The prospect that Mexico could join other Latin American countries in turning to the left came a step closer last weekend, as Andres Manuel Lopez Obrador officially began his campaign for the presidency.
Mr Lopez Obrador will need support from outside Mexico City to win
Mr Lopez Obrador, the country's most popular politician and the current favourite in the race, stepped down as mayor of Mexico City to campaign ahead of next year's election.
He will join Santiago Creel, a member of President Vicente Fox's governing National Action Party (PAN) and a close ally of the president, who quit his post as interior minister last month to launch his own presidential bid.
Should Mr Lopez Obrador win, it will be the first time a left-winger has been chosen since Mexico introduced democratic reforms ahead of elections in 2000, Professor Sergio Aguayo, a leading scholar and commentator on human rights in Mexico, told the BBC World Service's Analysis programme.
"We are going to decide and we are going to elect, in a peaceful way, for the first time in our history, a leftist president," he said. "This is a new stage, this is a new moment."
Time of change
Mexico's political landscape was dominated by the Institutional Revolutionary Party, the PRI, which ruled without a break for 71 years until 2000.
Mr Lopez Obrador, a career politician, was a member of the PRI until he moved further to the left and joined the PRD - the Party of the Democratic Revolution.
He rose swiftly, and in 2000 became mayor of Mexico City - home to a quarter of the country's electorate.
Since then he has established a number of work schemes to help the most disadvantaged in the city. He has acquired a reputation for honesty and getting things done, and rises at six every day to appear on morning talk shows.
Santiago Creel of the governing PAN will fight Mr Lopez Obrador
Although Mr Fox, of the right-wing PAN, was welcomed in as president in 2000, under Mexican law the president can only serve one six-year term, meaning he must stand down in June next year - and Mr Lopez Obrador seems well-placed to replace him.
"He's paying attention to the poor people of Mexico City, and Mexico is a country full of poor people - more than 50% of the population are below the poverty line," Prof Aguayo said.
"So it has been enough for him to give grants to single mothers, to poor people, to those that have been left outside of development."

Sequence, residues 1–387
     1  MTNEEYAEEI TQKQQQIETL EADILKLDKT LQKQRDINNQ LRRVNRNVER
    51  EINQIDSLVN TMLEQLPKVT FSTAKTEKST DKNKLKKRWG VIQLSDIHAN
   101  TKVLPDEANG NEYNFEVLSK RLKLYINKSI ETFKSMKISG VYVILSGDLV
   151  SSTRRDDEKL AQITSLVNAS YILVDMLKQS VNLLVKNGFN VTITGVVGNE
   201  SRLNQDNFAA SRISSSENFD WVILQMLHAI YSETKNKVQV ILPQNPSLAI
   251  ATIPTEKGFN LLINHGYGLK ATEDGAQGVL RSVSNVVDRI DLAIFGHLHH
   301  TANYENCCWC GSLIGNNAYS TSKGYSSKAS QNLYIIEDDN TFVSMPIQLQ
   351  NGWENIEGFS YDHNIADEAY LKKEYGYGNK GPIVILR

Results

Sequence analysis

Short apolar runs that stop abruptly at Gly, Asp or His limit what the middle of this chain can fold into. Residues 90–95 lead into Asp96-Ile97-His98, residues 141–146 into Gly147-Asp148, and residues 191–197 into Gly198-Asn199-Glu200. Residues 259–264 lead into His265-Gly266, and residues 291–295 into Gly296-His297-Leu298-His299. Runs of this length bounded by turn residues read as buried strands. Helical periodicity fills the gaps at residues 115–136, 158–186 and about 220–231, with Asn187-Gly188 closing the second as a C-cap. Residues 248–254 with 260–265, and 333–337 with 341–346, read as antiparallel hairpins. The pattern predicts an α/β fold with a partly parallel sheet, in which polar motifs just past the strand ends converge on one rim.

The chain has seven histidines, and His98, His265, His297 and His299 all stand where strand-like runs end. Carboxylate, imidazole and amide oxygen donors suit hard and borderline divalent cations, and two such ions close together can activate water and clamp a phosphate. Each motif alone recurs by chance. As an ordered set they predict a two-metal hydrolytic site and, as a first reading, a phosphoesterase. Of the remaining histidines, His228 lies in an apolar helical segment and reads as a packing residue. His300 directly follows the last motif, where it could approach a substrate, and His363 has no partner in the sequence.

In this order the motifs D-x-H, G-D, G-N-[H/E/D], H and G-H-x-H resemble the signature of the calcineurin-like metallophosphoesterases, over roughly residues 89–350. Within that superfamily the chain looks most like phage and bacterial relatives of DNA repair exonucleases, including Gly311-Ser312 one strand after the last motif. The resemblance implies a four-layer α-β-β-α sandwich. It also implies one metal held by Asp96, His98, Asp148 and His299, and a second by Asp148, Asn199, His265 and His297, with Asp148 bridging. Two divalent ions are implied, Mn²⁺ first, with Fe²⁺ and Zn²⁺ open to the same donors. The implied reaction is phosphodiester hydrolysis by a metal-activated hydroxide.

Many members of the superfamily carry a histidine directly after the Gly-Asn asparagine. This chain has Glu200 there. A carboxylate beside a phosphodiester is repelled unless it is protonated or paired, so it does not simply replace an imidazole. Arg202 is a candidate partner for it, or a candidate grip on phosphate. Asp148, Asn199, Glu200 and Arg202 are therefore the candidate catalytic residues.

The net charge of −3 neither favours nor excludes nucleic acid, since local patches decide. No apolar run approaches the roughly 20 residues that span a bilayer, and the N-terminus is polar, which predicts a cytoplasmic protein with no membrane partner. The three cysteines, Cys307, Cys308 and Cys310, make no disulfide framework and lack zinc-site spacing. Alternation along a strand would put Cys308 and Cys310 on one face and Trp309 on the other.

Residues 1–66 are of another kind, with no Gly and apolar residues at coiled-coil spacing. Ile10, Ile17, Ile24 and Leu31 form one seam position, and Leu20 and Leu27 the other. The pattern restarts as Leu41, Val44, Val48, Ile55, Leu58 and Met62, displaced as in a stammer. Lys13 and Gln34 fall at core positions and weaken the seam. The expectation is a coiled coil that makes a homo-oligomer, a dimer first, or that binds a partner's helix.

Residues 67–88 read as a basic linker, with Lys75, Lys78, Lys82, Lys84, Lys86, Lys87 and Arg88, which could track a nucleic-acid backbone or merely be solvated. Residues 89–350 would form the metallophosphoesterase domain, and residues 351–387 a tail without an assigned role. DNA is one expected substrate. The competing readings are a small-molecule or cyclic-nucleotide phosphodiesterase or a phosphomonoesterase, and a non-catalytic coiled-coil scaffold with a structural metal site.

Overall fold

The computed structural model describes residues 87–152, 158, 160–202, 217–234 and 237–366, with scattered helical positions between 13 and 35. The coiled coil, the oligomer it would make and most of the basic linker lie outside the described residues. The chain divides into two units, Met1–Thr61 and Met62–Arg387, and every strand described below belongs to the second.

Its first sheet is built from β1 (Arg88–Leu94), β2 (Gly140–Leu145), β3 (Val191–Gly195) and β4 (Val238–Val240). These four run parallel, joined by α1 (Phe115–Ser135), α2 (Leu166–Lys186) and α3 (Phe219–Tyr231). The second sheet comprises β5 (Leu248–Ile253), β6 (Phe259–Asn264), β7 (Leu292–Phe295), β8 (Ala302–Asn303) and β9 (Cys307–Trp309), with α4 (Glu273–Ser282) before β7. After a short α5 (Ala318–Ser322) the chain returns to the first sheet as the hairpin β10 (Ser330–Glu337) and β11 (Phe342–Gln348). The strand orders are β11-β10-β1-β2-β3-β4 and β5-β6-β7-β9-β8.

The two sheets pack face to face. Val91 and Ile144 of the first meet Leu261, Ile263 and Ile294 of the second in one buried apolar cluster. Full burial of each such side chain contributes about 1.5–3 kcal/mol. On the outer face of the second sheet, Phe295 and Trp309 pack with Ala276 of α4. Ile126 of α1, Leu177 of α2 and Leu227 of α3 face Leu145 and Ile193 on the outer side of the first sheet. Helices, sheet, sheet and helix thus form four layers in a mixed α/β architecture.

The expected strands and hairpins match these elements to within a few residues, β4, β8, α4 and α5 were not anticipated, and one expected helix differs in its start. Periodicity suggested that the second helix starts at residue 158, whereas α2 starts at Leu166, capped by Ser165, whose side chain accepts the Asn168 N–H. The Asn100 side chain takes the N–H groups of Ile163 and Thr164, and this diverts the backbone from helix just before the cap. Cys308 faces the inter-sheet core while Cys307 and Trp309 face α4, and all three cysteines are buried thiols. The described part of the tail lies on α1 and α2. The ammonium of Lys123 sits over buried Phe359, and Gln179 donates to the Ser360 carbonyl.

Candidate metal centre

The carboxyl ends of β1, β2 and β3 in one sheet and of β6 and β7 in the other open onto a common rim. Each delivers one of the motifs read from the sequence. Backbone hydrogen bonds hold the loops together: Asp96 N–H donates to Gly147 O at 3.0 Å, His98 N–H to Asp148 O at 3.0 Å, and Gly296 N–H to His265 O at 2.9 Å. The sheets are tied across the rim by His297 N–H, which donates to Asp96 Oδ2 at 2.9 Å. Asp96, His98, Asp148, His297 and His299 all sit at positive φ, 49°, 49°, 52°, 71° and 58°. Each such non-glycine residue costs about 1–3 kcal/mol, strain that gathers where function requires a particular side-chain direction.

Word of Mr Lopez Obrador's policies has spread, and many sectors of the population believe he can offer a solution to their woes, says Prof Aguayo.
Arturo Valenzuela, professor of Latin American studies at Georgetown University in Washington and a former adviser to Bill Clinton, knows Mr Lopez Obrador personally and says he believes the Mexican people are looking to him as a "can do" leader.
"The perennial question pollsters ask is: 'Are you somebody that can do something for me?'" he said.
Thousands protested against Mr Lopez Obrador's suspension
"In that sense he's captured the imagination."
In April, however, Mr Lopez Obrador's path to high office suddenly looked uncertain after he was suspended following his being implicated in a land scandal.
The Mexican Congress voted to strip him of immunity from prosecution - which could have barred him from the race.
But in the furore, thousands of Mexicans turned out to protest in a show of support. His supporters argued the campaign against him was politically motivated.
In a dramatic climbdown, Mr Fox - worried that sending Mr Lopez Obrador to prison would make him a martyr - reinstated him.
Prof Aguayo said he believed this is a critical moment for the country.
"We are inaugurating our democracy, and Mr Fox, our president, was cheating on our leading candidate, and using dirty tactics and dirty politics to stop him," he added.
However, Mr Lopez Obrador is not without his critics.
The Mexican business community is concerned about his lavish spending on public services. Mexico City's books are in the red.
And if he is going to have a chance in the election, Mr Lopez Obrador will need to garner support from people who live outside the capital.
Prof Valenzuela points out that his party, the PRD, does not have a strong national following.
As a left-wing contender, questions are being asked about what kind of president Mr Lopez Obrador would make: whether he has the left-wing idealism of Brazil's President Lula, or takes a more populist approach, such as Venezuela's Hugo Chavez.
But Andrew Selee, director of the Mexico Institute at the Woodrow Wilson Center, said he would not be like either of them.
"Hugo Chavez came to power in a country where institutions were really weak... Mexico is a country of very strong political institutions.
"If Lopez Obrador is elected president he will probably be facing a congress dominated by the opposition - he is going to have to govern by building coalitions and alliances with people.
"On the other hand, he's not Lula - Lula comes out of a long tradition of a left-wing party built in opposition to military dictatorship... while Lopez Obrador came out of the PRI and moved to the left - [he's] much more pragmatic and less ideological."